(unlike the form that you have referred us to which shows all Working
Groups).

However, whilst it is always tempting when designing forms to begin with
the UI controls, let's put those to one side for the moment, and let's
look at how to capture the form's logic. If we can get that right, we
can put any UI we want on afterwards.

So, the current HTML form has two values that get returned to the
server. The first has the following possibilities:

na    - the person is not attending that day
obs   - the person would like to be an observer that day
css   - the person will be attending the CSS Working Group
mmi   - the person will be attending the MMI Working Group

And so on for all the possible working groups.

If this first value is 'obs', then a second field should become
operational, and this contains a list of groups, picked from the same
range of values as the first field, i.e, 'css', 'mmi', and so on.

Despite what the *layout* of the form tells us, looking at what actually
gets submitted to the server, what I have outlined here is the *intent*.
This logic is extremely trivial to capture in XForms:

    <xforms:model>
      <xforms:instance id="instMyAnswers">
        <instanceData xmlns="">
          <day id="0" att="na" wg="" obs="" />
        </instanceData>
      </xforms:instance>

      <xforms:bind nodeset="day/@obs" relevant="../@att = 'obs'" />
      <xforms:bind nodeset="day/@wg" relevant="../@att = 'wg'" />
    </xforms:model>

The first part (the instance data) is a simple XML node that will
capture our data from the user. As you can imagine it would be very easy
to add more nodes for more days of the conference. The second part - the
bind statements or 'business rules' - allows us to say that the question
relating to observers (@obs) is only relevant if the attendance question
(@att) has been answered with "obs". Similarly, if the user answers "wg"
to that question, the question relating to the Working Groups becomes
relevant (@wg).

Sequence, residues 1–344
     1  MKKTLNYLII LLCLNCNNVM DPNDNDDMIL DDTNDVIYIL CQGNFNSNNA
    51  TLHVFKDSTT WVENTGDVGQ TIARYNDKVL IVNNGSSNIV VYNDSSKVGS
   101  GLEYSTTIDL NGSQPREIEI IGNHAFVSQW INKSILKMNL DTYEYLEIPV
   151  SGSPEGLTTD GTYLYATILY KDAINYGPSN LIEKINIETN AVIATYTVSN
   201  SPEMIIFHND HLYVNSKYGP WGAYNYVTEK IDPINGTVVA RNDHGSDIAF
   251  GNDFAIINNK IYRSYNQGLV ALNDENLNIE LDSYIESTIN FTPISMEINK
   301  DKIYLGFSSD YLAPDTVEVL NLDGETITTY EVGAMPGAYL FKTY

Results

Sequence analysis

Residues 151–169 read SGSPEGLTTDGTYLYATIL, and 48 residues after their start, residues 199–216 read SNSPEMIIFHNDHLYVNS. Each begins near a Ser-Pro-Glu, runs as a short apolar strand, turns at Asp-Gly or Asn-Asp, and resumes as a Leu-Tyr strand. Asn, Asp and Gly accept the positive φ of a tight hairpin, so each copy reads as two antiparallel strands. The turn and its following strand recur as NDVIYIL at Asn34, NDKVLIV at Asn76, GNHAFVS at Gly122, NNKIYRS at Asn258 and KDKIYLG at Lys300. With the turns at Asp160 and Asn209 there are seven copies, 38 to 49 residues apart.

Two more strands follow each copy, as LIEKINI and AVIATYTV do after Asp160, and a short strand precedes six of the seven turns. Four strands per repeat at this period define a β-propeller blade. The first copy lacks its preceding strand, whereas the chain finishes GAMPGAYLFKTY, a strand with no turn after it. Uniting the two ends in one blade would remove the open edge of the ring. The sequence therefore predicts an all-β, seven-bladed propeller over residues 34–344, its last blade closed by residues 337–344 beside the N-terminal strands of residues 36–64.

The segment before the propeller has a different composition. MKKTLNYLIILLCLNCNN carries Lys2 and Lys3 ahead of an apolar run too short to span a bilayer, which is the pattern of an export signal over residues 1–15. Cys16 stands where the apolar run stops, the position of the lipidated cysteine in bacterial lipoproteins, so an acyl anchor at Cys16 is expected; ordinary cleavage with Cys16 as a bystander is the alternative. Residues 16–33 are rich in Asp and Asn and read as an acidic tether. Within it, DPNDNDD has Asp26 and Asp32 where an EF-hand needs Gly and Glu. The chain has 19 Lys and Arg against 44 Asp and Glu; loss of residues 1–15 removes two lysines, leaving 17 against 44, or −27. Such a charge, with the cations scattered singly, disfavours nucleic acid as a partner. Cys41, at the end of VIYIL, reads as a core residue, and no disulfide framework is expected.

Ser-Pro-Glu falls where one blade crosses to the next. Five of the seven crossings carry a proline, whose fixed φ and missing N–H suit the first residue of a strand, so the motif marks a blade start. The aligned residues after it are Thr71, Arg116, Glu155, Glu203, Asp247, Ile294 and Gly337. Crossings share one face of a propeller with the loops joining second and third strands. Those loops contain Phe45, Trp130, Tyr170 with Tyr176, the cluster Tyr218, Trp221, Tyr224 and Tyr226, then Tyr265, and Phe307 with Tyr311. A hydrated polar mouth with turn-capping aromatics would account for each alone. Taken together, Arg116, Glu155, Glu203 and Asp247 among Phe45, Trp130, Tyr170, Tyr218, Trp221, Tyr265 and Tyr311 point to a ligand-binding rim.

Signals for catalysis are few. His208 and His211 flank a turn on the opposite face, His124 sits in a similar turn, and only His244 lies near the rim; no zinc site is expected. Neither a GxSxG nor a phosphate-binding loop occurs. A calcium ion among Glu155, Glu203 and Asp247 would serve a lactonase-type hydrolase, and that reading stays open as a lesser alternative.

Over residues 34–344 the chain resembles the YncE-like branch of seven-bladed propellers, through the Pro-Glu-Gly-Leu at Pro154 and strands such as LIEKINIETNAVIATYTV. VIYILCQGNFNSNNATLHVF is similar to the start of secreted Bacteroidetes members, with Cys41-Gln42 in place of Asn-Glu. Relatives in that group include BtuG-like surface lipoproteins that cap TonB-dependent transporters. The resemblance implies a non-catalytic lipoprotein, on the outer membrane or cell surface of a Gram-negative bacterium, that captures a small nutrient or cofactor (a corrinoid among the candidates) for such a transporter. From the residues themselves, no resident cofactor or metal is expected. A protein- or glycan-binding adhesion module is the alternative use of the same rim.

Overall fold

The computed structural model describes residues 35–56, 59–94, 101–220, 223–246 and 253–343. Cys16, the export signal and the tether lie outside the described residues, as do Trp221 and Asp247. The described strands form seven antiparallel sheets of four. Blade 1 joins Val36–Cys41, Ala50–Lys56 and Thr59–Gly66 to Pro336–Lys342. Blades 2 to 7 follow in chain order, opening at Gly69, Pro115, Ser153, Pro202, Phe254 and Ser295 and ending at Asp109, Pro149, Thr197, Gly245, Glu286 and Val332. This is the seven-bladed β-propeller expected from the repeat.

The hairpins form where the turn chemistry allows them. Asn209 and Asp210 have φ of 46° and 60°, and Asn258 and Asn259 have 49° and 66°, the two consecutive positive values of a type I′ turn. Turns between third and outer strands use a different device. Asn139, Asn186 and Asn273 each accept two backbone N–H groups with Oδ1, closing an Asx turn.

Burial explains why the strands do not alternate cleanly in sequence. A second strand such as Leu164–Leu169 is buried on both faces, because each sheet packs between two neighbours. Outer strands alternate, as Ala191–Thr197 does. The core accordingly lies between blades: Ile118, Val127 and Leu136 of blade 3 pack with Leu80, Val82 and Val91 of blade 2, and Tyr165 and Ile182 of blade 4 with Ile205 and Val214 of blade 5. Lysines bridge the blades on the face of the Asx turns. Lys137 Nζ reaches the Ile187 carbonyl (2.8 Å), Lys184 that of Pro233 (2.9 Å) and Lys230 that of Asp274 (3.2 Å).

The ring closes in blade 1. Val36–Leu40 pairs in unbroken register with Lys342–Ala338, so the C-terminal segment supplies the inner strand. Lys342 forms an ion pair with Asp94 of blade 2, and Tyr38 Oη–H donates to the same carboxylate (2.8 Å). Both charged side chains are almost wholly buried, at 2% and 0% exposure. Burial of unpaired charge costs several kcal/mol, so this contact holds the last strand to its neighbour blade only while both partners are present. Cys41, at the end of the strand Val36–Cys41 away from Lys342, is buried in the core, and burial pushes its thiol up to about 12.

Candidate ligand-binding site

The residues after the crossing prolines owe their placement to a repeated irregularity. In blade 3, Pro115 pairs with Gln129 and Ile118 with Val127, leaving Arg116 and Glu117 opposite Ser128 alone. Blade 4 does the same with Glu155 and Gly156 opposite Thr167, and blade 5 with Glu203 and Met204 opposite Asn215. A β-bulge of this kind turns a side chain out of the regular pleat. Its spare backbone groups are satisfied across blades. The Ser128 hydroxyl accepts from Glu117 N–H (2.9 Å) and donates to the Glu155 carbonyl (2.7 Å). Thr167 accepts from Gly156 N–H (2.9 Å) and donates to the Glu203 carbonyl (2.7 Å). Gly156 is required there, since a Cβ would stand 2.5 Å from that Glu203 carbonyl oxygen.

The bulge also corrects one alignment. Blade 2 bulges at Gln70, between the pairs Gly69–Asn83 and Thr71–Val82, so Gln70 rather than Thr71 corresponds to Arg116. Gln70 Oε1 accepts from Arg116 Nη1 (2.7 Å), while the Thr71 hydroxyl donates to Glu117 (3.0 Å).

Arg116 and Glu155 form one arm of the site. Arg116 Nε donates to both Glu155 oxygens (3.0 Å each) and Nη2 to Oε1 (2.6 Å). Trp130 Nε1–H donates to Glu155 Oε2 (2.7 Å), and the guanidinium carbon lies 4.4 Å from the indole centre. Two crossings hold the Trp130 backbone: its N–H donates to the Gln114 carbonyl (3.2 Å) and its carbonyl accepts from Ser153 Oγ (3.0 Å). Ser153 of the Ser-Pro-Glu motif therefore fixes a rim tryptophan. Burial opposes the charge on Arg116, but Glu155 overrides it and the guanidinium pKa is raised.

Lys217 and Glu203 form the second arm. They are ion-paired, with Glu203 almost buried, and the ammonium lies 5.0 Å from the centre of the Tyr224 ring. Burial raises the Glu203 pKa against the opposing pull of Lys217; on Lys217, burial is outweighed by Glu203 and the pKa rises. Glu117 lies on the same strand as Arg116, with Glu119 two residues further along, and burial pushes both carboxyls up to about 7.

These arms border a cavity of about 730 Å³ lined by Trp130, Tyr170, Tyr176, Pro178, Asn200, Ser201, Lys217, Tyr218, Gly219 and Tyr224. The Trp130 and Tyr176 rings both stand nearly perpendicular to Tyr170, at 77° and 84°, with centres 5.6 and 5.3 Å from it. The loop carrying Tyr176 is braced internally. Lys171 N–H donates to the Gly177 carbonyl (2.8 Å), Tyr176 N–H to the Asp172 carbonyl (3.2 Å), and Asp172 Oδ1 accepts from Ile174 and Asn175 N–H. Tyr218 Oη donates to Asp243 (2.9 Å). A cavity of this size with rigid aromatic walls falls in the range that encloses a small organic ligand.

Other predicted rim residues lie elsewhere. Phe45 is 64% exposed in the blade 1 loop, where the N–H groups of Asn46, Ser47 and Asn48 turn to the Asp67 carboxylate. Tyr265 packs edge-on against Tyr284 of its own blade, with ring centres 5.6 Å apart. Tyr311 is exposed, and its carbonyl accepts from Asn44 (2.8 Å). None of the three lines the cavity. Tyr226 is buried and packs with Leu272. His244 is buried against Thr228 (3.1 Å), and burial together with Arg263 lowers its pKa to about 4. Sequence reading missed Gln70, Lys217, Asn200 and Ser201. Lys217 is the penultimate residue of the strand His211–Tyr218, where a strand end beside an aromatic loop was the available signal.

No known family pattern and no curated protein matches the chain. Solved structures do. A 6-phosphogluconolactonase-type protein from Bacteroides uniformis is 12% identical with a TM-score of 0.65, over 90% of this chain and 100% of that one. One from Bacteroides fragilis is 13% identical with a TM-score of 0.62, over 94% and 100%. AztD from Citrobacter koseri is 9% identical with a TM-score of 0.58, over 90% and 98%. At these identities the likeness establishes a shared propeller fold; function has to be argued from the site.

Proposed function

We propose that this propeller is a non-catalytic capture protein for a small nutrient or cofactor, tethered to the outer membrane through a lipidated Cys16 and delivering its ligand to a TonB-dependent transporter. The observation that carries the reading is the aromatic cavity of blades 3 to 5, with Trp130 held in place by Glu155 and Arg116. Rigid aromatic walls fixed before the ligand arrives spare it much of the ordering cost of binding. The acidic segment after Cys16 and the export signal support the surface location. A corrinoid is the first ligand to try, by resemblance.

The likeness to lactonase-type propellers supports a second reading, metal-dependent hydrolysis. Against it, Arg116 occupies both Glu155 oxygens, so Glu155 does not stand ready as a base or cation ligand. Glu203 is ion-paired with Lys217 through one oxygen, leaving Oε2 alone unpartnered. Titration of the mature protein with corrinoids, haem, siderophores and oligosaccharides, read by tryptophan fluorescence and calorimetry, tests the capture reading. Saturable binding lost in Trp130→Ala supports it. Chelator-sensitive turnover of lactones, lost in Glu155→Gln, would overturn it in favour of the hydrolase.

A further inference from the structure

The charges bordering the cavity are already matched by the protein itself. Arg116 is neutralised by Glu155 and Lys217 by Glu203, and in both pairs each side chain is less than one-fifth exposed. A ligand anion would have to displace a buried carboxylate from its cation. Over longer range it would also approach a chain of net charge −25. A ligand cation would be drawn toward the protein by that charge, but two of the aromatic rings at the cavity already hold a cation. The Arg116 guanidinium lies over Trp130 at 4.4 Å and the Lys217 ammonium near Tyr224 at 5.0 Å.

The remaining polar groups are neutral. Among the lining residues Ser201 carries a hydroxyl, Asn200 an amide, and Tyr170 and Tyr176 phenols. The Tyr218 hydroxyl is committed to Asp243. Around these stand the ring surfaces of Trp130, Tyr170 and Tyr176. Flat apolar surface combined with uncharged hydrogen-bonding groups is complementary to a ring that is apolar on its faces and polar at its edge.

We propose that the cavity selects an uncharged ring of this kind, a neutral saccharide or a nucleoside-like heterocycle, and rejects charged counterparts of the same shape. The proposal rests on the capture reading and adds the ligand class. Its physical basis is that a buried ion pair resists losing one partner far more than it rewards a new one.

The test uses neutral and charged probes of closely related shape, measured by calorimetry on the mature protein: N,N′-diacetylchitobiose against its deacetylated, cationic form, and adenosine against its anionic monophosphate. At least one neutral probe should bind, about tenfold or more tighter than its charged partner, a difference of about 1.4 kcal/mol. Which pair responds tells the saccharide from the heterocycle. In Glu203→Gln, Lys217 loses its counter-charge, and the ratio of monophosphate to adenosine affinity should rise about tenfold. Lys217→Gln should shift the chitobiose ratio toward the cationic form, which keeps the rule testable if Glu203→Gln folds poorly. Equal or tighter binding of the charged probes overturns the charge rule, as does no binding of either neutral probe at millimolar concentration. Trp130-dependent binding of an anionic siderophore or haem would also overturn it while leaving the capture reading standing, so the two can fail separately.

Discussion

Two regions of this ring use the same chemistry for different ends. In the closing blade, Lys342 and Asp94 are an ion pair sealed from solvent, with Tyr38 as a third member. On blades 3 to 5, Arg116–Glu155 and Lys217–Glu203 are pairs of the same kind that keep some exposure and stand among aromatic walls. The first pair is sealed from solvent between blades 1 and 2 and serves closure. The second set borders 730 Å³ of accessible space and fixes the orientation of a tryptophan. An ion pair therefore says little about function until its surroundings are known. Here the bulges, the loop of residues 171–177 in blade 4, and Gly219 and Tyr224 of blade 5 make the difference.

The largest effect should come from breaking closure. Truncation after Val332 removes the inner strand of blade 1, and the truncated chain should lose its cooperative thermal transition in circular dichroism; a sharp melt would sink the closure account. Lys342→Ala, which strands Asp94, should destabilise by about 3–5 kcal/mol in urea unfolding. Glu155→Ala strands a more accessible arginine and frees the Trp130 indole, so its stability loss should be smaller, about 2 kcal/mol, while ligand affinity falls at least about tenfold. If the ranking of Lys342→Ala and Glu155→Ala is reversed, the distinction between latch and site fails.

How the logic of this form is presented to the user can be layered onto
this, and it may well be the case that different authors or different
web sites have different form layouts that interact with this 'model'.
But what should be clear from the few lines of code we have here, is
that keeping the logic separate from the presentation means that we get
the information we want, whether the user interacts with this data via a
voice system, or WAP phone, a WebTV, or a full-fledged browser on a
desktop.

For our example, we will say that any question that is 'not relevant' is
hidden:

    <style>
      *:disabled { display: none; }
    </style>

Whatever CSS is chosen for the output (and that is up to the author),
the important concept here is that the logic of the form has been
captured in a way that is easy to see, test and reproduce - and
certainly not hidden amongst a jumble of controls and JavaScript.

I hope this goes some way to answering your question. A full version of
the form discussed above (tested with formsPlayer) is available here:

    <http://www.formsPlayer.com/demo/tech-plenary.html>

As you'll see it is a much clearer user experience, and I would even
venture that it is clearer to read for developers.

Best regards,

Mark


Mark Birbeck
CEO and CTO
x-port.net Ltd.

http://www.formsPlayer.com/
Received on Monday, 23 February 2004 12:13:07 GMT